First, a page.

Honors Program

University Honors

Date of Award

5-2010

Thesis Professor(s)

David A. Johnson

Thesis Professor Department

Biochemistry and Molecular Biology

Thesis Reader(s)

Yu-Lin Jiang

Abstract

Human neutrophils are the most abundant type of white blood cell and provide the body with a line of defense against foreign, infectious microorganisms. Contained within the azurophilic granules in the cytoplasm of neutrophils are three serine proteases, Human Neutrophil Elastase, Cathepsin G, and Protease 3. Once a foreign bacterium is engulfed by white blood cells, these enzymes attack and degrade the invading body, thus killing it (Reeves et al., 2002). The focus of this research is centered on the production of one of the serine proteases, human neutrophil elastase (HNE), and while the importance of HNE can be seen, genetic mutations or improper regulation can compromise a person’s immunity. Neutropenia (a low neutrophil count) is one such disease caused by a genetic mutation of HNE that results in susceptibility to infection (Li and Horwitz, 2001). Additionally, HNE is a powerful enzyme that can attack the elastin of the lung if not properly controlled. Consequently, genetic deficiencies of alpha-1 proteinase inhibitor protein in the blood can result in emphysema because active HNE released from neutrophils is free to degrade lung tissue (Laurell and Eriksson, 1965).

Recombinant HNE is not currently available, and the enzyme must be isolated from human blood cells, which has inherent hazards. Additionally, the lack of recombinant HNE has prevented studies involving site–directed mutagenesis to study the intracellular processing of HNE near its C-terminal end where mutations have been found to result in neutropenia. Kinetic studies of the full-length HNE might shed some light on why its C-terminal region is removed before storage in cytoplasmic granules.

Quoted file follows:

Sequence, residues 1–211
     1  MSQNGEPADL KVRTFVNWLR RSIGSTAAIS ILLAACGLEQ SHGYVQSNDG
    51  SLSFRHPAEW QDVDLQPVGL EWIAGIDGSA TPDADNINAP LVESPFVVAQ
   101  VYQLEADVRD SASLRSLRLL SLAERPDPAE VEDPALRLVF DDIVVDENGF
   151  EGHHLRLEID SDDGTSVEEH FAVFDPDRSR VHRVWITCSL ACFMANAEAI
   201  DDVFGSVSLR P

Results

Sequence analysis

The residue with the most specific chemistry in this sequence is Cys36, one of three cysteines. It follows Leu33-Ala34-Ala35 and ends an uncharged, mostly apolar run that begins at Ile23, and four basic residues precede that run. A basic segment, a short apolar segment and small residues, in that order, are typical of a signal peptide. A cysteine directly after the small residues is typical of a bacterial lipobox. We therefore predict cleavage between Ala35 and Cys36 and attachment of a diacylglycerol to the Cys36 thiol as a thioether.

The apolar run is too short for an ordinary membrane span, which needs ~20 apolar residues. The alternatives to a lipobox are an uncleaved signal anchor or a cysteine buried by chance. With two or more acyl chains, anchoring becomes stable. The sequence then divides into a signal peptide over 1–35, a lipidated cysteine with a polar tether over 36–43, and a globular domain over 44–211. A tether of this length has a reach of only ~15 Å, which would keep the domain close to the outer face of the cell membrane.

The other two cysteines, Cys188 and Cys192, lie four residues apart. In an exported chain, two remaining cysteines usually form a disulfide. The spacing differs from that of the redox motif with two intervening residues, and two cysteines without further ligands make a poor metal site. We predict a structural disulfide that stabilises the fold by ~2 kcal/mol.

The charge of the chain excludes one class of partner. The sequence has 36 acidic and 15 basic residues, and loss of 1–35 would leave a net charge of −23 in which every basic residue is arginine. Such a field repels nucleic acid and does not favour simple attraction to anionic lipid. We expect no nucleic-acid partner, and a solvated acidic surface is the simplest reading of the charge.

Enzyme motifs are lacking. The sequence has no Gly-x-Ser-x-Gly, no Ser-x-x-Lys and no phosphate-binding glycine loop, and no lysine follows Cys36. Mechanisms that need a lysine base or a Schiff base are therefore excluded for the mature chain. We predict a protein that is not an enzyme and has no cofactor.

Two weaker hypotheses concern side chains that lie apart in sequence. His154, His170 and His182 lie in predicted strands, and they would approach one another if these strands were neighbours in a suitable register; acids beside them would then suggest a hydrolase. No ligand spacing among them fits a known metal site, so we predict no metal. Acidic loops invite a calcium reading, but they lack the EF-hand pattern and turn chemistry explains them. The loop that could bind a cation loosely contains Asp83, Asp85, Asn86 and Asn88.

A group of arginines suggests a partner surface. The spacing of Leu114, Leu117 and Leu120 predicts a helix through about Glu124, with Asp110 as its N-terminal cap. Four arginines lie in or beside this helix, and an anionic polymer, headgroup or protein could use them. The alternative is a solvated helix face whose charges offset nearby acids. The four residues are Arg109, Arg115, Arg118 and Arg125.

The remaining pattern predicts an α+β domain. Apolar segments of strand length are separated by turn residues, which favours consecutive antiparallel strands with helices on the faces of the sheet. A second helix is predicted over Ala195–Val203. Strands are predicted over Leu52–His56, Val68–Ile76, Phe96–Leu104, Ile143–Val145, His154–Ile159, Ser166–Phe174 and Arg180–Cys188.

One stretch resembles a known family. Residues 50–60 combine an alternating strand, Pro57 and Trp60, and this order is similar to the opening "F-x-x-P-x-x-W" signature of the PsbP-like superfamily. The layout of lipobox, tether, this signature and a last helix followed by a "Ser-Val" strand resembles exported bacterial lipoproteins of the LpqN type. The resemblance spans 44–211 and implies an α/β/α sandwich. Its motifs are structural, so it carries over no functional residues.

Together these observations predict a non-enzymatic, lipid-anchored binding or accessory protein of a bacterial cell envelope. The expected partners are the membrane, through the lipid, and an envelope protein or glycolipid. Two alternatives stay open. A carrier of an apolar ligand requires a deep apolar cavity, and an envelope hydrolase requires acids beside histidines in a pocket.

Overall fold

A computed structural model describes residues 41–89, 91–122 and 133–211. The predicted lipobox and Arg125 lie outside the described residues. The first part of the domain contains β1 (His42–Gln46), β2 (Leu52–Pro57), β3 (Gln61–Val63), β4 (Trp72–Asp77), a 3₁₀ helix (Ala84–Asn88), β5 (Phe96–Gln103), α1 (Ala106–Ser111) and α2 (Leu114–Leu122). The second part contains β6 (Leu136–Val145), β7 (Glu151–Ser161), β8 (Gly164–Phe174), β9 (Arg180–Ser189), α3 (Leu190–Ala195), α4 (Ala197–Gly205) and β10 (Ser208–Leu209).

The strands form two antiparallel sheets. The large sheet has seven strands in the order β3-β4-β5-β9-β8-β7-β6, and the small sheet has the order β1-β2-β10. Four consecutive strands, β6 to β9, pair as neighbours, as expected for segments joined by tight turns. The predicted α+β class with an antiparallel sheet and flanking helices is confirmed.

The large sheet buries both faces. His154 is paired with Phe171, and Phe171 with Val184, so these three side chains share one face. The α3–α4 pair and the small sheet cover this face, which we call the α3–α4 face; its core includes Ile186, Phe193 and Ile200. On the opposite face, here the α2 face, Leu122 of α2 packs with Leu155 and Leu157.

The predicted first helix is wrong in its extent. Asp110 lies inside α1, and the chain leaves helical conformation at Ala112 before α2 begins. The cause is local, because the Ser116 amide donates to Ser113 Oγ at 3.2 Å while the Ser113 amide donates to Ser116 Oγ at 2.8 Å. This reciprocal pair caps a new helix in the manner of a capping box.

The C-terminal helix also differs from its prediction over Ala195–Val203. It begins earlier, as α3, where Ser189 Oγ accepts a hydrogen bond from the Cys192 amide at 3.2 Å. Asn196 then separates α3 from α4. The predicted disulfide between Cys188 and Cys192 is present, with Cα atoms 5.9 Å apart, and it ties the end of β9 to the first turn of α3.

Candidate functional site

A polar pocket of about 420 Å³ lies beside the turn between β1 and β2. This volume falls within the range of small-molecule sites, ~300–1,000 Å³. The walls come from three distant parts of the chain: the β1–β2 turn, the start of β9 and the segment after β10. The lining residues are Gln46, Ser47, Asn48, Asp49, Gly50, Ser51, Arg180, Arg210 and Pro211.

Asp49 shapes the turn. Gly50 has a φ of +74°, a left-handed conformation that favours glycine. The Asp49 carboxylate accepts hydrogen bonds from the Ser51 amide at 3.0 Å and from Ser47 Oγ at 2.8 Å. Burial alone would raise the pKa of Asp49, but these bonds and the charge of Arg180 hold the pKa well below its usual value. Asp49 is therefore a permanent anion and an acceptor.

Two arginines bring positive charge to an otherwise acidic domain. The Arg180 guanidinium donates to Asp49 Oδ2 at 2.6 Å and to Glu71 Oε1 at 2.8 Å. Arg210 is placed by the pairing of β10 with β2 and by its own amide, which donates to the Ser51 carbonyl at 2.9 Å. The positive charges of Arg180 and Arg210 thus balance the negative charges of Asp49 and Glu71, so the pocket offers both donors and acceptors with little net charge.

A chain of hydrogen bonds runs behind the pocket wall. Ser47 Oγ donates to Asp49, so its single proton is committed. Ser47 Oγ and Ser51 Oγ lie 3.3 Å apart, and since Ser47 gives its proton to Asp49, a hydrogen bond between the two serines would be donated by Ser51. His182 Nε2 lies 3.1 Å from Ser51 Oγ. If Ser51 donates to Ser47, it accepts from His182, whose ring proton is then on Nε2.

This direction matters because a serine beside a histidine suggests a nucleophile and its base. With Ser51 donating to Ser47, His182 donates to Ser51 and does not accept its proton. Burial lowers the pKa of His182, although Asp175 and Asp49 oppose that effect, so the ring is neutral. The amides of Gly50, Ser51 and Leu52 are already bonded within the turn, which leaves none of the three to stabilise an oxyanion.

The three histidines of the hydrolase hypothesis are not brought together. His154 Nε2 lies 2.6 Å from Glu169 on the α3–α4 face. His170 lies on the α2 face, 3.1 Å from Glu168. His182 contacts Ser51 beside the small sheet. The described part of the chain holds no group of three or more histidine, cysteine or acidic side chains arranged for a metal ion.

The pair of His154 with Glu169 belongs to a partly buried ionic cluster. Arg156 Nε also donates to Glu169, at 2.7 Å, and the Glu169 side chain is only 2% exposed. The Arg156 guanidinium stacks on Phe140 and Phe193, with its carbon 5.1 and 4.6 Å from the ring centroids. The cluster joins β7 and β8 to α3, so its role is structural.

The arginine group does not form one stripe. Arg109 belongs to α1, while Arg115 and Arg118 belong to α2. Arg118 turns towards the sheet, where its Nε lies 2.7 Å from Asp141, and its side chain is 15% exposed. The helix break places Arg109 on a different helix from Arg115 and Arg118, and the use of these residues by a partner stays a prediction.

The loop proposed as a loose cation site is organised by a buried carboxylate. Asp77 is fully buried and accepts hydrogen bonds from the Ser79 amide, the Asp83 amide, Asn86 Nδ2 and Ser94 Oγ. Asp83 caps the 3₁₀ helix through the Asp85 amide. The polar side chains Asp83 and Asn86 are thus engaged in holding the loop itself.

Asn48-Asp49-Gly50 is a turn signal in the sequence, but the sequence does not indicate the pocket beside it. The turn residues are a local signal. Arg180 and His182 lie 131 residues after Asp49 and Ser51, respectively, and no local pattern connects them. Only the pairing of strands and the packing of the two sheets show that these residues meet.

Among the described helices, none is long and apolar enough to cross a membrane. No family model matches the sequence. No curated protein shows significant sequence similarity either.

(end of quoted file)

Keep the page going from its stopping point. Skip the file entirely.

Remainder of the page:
The HNE DNA sequence was first codon optimized for yeast and commercially synthesized. It was then fused with DNA for eGFP (enhanced green fluorescent protein) via an enterokinase cleavage site (D4K). This DNA construct (eGFP-D4K-HNE) was then inserted into the Kluyveromyces lactis (K. lactis) pKLAC1 vector, downstream of the alpha mating factor which directs proteins for secretion. Then, chemically competent GG799 cells (a strain of K. lactis) were transformed with the linearized pKLAC1-eGFP-D4K-HNE insert through a protocol from New England Biolabs. Theoretically, the gene integrates into the yeast genome upon transformation via sequences within the pKLAC1 vector that are homologous with the LAC4 gene promoter that allows for galactose utilization (Colussi 2005). Acetamide was used as a selectable marker because wild type K. lactis cells are not able to use acetamide as a nitrogen source. The pKLAC1 vector, however, contains the Aspergillus nidulans gene acetamidase (amdS) that allows only transformants to grow on plates with acetamide as the sole nitrogen source (Read 2007).

Selected colonies were transferred to both liquid and agar-based synthetic media with galactose to induce transcription and translation of the HNE gene to produce the eGFP-D4K-HNE fusion, and screened via fluorescence microscopy for production of eGFP. None of the screened colonies tested positive for the presence of the fusion protein.

Document Type

Honors Thesis - Open Access

Copyright

Copyright by the authors.

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Life Sciences Commons

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